Impact of Russian Airspace Closure for mid-European freight airlines

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By Bjorn Fehrm

Introduction  

May 12, 2022, © Leeham News: Last week, we looked at what the closure of Russian airspace would mean for a mid-European airline that flies to Asia destinations like Japan, Korea, or Mainland China.

Air France now flies the routes from East Asia south of Russian airspace instead of over Siberia. The route is longer which increases the operating costs, but with the examples Boeing 777-300ER, there are no restrictions on passenger load factors, and most times, the cargo space can be loaded to the volume limit.

For a freight airline flying similar routes, the added distance impacts payload, as freighters have about 2,000nm less range than their passenger siblings. We check the operating cost and payload impact for mid-European freighter airlines flying from Far-East freighter hubs to West Europe.

Summary

  • A freighter airline takes a heavier hit from Russian airspace closure.
  • As the extra distance eats into the possible payload, the operating cost per tonne for hubs like Shanghai, Seoul, and Taipei increases more than for the airline’s passenger service.

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An A330neo freighter, should it happen?

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By Bjorn Fehrm

Introduction  

April 7, 2022, © Leeham News: Last week, we started a discussion on what should be Airbus’ response to a 787 freighter. We have seen in a series of articles that the 787 freighter would beat the present A330 freighter, and the question is, will Airbus leave this segment to Boeing, or will it respond?

We look at what’s involved for Airbus to upgrade the present A330-200F to a neo freighter and what performance it would have compared to a 787 freighter.

Summary

  • An upgrade of Airbus’ present A330-200F freighter to a neo variant based on the longer, more capable A330-900 would be a modest project for Airbus. All the special bits needed were developed for the A330-200F.
  • The resulting A330-900F would be a competitive freighter, and as all needed parts are in serial production today, it could hit the market before a Boeing 787 freighter.

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A Boeing 787 Freighter, Airbus response

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By Vincent Valery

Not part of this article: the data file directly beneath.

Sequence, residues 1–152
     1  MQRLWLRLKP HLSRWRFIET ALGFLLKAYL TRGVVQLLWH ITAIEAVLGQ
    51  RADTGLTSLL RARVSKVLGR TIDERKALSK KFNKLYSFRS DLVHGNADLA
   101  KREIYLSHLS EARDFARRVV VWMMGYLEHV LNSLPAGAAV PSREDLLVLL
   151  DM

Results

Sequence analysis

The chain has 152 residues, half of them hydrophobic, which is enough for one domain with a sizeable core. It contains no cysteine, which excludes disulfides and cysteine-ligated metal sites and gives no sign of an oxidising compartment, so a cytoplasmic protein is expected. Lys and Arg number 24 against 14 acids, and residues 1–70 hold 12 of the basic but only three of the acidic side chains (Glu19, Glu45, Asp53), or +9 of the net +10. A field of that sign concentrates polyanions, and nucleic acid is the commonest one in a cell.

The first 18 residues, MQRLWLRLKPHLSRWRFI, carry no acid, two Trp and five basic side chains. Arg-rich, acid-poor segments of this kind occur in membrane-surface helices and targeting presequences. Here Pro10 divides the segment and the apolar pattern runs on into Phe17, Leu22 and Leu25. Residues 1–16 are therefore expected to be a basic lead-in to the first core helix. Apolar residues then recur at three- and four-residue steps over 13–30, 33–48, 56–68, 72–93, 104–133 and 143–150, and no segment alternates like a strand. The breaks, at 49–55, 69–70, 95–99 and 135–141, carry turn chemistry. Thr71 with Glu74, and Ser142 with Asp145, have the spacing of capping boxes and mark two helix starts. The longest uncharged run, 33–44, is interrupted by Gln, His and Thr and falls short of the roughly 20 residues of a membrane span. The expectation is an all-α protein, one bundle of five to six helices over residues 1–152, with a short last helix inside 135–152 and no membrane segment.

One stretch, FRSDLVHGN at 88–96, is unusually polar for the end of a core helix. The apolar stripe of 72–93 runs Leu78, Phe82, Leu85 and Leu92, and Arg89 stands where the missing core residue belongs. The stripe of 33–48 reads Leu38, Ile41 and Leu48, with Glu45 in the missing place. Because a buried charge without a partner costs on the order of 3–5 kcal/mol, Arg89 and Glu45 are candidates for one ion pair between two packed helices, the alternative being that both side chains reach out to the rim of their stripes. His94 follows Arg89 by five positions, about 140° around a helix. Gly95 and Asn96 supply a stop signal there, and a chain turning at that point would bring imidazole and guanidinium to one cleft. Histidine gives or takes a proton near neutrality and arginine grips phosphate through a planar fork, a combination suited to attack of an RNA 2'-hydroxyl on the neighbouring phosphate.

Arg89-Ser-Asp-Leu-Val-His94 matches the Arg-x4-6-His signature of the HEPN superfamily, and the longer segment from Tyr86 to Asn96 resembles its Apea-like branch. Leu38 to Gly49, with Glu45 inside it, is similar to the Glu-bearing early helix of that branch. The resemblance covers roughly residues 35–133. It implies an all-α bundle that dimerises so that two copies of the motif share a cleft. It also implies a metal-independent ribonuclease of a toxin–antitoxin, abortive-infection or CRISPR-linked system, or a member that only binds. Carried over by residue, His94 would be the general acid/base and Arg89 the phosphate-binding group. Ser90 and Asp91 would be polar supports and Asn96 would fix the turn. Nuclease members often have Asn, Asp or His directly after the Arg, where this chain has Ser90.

Introduction  

March. 31, 2021, © Leeham News: Last week’s article showed that a Boeing 787 freighter based on the -9 variant would be a suitable replacement for the aging 767-300F.

Should Boeing proceed with the aircraft, expect Airbus to launch a competing airplane, it not launch it before the American OEM.

The A330-200F recorded 38 sales as a factory freighter, a disappointing tally. Which aircraft variant could Airbus use as a baseline to develop a more successful 787F competitor?

Summary
  • A nuanced view on 767-300F and A330-200F factory sales;
  • Need for suitable older-generation aircraft replacement;
  • Limitations of A330 P2Fs;
  • A potential candidate.

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A Boeing 787 freighter, which model and how good? Part 2

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By Bjorn Fehrm

Introduction  

March 24, 2022, © Leeham News: Last week, we discussed the creation of a Boeing 787 freighter. It shall replace the Boeing 767-300F, which is running into emission rule problems in 2027.

After looking at what 787 variant makes for the best freighter, we now compare the economics of the 787, 767-300F, and A330-200F freighters.

Figure 1. The 767-300F freighter (top) and its possible replacements: 787-8F (middle) and 787-9F (bottom). Source: Leeham Co.

Summary
  • When a Boeing 787 freighter arrives at the decade’s end, its economics will change the freighter market’s dynamics.

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A Boeing 787 freighter, which variant and how good?

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By Bjorn Fehrm

Introduction  

March 17, 2022, © Leeham News: Monday, we started a series of articles discussing a possible Boeing 787 freighter. It shall replace the Boeing 767 freighter, one of Boeing’s most-produced models, with over 200 factory freighters delivered.

We use our Airliner Performance Model to understand which 787 variant would be most suitable as a base for a freighter and what performance it would have.

Figure 1. Would a 767-300F replacement (top) be a 787-8F (middle) or 787-9F (bottom)? Source: Leeham Co.

Summary
  • Boeing can build a very competitive freighter on the 787 base.
  • We analyze which of the different 787 models is the most suitable and predict payload, range, and economics.

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The new Boeing freighter, 777-8F, versus Airbus’ A350F, Part 3